This work involves developing, testing, monitoring and evaluating different packages of interventions and delivery systems to improve maternal and child undernutrition. These include agriculture-focused interventions (such as homestead food garden programs) as well as interventions focused on the health, education or social development sector. The research will be carried out in close collaboration with program implementers (from UN agencies, to government programs, to international and local PVOs).
|Countries of Planned Research|
Burundi, Bangladesh, Ethiopia, Ghana, India, Kenya, Cambodia, Mozambique, Nigeria, Senegal, Uganda, Vietnam
Program/policy implementers: governments, UN implementing agencies, private voluntary organizations.
Well-documented examples and synthesis of successful and cost-effective approaches and packages of interventions to improve maternal and infant and young child nutrition are generated; programs are designed and implemented using lessons learned from the research.
Cost-effective, successful integrated programs that improve the growth of infants and young children and reduce micronutrient malnutrition among mothers and children are implemented in several countries. Some of these programs are in the process of being scaled up in a few countries. "
Lessons learned start to be distilled from analyses on large scale agriculture-health/nutrition programs; and MCHN programs.
Other large scale agriculture-health/nutrition programs; and MCHN programs designed and in the process of being strengthened, evaluated.
Capacity to design, implement, evaluate, and maintain sustainable programs to improve maternal and child nutrition is strengthened in countries where evaluations have been carried out at local, regional, and national level.
Lessons learned start to be distilled from analyses on large-scale agriculture-health/nutrition programs; and MCHN programs.
Other large-scale agriculture-health/nutriton programs; MCHN programs; or social protection programs designed and in the process of being strengthened and evaluated.
Program options and strategies for increasing the positive synergies between agriculture and health are identified (Agriculture and health component).
This project component relates to the work of the IFPRI-facilitated Agriculture and Health Research Platform (AHRP) which is a “CGIAR-plus” initiative with strong buy-in on the part of several health organizations, notably WHO. The goal of the Platform is to promote and coordinate research on the two-way linkages between agriculture and health, with the aim of alleviating food and health insecurity through enhanced policy and program effectiveness. Priority research areas include the interactions between agriculture and HIV/AIDS, avian influenza and other zoonoses; nutrition, diet and health; food safety and growing food supply chains; water-borne diseases and water management; and occupational health (including pesticide hazards). Environmental change, with its linkages to climate change, will provide the long-wave dynamic backdrop to much of this work.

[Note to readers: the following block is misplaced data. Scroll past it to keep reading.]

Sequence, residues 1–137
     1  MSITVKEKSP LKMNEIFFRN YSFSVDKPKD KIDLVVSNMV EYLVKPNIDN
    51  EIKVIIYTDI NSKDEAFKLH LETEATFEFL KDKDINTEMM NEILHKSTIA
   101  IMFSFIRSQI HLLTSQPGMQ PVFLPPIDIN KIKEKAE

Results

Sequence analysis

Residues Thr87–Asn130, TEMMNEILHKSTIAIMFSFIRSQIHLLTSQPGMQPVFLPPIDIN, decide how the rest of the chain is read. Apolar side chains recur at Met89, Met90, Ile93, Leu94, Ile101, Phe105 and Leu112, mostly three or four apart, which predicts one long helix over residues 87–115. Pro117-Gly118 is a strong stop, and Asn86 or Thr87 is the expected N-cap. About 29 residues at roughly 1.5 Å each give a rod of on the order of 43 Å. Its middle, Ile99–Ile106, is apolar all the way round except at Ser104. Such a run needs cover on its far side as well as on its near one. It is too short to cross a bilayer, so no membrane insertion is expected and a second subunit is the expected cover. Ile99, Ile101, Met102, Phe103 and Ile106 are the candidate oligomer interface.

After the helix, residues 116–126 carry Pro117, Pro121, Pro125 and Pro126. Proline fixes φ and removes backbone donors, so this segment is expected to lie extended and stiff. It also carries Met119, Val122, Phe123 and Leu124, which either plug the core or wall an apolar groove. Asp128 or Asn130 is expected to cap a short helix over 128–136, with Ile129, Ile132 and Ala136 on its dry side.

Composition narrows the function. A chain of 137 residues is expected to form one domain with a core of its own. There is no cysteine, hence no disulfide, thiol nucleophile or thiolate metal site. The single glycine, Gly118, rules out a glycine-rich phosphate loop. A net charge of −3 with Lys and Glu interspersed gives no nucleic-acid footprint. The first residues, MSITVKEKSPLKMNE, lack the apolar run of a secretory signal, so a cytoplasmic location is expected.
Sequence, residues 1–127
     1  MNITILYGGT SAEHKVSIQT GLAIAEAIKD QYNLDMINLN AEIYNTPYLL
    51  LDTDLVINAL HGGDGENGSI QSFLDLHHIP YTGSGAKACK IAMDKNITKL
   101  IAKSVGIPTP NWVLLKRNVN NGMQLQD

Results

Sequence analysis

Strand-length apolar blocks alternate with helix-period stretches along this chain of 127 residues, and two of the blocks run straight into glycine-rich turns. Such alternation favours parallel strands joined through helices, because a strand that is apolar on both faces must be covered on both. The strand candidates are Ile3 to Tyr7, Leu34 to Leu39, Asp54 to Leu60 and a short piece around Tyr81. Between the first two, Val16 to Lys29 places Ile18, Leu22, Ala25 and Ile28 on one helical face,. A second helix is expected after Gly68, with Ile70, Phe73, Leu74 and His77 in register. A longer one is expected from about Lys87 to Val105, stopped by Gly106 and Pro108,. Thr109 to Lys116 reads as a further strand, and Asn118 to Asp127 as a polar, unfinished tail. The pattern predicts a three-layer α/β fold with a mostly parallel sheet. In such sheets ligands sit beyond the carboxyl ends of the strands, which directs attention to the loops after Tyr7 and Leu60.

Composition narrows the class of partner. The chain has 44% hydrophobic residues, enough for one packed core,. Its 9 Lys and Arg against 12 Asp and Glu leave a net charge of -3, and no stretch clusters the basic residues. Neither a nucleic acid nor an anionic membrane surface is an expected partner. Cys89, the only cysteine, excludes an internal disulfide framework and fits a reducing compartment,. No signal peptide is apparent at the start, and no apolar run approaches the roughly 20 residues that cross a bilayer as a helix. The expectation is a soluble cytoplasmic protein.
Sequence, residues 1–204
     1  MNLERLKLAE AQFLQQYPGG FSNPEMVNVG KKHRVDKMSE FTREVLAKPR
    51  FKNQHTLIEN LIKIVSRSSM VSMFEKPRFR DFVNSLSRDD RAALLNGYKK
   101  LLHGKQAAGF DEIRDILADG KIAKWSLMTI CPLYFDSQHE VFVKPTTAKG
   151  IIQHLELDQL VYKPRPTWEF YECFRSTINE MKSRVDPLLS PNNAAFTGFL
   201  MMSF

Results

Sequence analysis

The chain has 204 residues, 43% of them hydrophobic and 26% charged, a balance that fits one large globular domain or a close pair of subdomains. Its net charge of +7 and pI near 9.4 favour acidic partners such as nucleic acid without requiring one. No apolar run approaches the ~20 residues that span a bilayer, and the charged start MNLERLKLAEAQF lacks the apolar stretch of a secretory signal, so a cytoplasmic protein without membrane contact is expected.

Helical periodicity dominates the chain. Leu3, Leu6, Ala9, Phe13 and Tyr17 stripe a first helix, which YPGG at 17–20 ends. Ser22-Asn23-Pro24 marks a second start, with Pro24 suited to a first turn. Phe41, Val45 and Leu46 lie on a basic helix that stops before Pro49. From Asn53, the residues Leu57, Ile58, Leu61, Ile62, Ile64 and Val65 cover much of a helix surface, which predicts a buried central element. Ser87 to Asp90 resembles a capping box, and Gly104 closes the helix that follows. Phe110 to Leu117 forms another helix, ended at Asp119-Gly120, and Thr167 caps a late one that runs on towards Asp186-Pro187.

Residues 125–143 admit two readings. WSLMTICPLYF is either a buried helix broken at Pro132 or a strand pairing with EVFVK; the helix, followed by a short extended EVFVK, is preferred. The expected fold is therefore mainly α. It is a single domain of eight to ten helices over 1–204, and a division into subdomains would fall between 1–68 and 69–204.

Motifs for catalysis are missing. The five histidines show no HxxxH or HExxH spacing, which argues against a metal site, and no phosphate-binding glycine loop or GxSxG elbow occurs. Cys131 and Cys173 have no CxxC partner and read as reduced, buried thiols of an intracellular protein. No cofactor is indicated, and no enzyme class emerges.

|Countries of Planned Research|
Ghana, Kenya, Cambodia, Nigeria, Senegal
Agricultural and health researchers and project managers; development agencies.
Intended users build more health work into agricultural research, programs, investments and policies, and vice versa.
Agricultural research, programs, investments and policies benefit health and vice versa."
Best practices on maximizing agriculture-health synergies are developed, disseminated and applied to intended users through the governance structures, communications, and capacity strengthening efforts of the Agriculture and Health Research Platform (AHRP)
Note: Financial Tables, Target Regions, CGIAR Priorities and Financing Sources show aggregated data for more than one MTP project and in particular for: - Subtheme 8.1: Diet Quality and Health of the Poor (GRP 24) - Subtheme 8.2: Food and Water Safety Policies (GRP 40) |
Allocation of Member, Non-Member Grants and other sources to projects, 2009-2011
|Theme 8: Diet, Health and Food Safety||Member||IDRC|
|Bill and Melinda Gates Foundation|
|Global Alliance for Improved Nutrition|
|Helen Keller International|
|Swedish University of Agricultural Sciences|
|University of Kwazulu-Natal|
|World Food Program (WFP)|
|Unres+Other Sources||Unres+Other Sources|
Allocation of Project Costs to CGIAR Priorities, 2009-2013
|Theme 8: Diet, Health and Food Safety|
|New Research Areas|
Project investment by developing Region, 2009-2013
|Theme 8: Diet, Health and Food Safety||Asia|